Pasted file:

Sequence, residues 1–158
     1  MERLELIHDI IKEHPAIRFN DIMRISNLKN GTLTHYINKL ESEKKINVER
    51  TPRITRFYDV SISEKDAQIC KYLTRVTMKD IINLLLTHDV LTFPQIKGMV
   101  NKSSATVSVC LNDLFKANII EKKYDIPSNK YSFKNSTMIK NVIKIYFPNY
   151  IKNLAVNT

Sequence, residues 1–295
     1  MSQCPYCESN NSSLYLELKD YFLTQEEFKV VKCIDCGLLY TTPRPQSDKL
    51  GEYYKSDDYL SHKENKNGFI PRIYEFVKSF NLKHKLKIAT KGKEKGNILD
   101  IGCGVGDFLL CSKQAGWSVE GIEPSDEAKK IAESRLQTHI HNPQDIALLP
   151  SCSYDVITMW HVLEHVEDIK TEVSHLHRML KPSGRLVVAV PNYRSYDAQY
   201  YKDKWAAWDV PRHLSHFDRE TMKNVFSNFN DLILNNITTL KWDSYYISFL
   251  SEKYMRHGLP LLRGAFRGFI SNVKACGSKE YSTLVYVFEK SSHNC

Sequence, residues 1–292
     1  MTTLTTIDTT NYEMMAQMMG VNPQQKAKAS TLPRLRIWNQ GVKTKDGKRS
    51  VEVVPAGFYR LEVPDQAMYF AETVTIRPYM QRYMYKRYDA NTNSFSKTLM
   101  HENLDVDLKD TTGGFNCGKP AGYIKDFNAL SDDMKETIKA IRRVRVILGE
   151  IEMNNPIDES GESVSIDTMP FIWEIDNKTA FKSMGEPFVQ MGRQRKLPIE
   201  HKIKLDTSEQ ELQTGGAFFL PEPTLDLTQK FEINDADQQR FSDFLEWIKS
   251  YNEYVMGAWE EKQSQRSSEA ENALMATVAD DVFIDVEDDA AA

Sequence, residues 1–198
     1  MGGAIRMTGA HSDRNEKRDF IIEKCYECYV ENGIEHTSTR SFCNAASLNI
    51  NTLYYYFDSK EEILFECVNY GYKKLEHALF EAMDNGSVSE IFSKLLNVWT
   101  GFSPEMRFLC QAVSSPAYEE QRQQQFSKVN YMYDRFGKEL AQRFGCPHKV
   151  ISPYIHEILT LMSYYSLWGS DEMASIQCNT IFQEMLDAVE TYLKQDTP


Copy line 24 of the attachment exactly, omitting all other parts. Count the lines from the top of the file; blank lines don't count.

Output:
   151  ISPYIHEILT LMSYYSLWGS DEMASIQCNT IFQEMLDAVE TYLKQDTP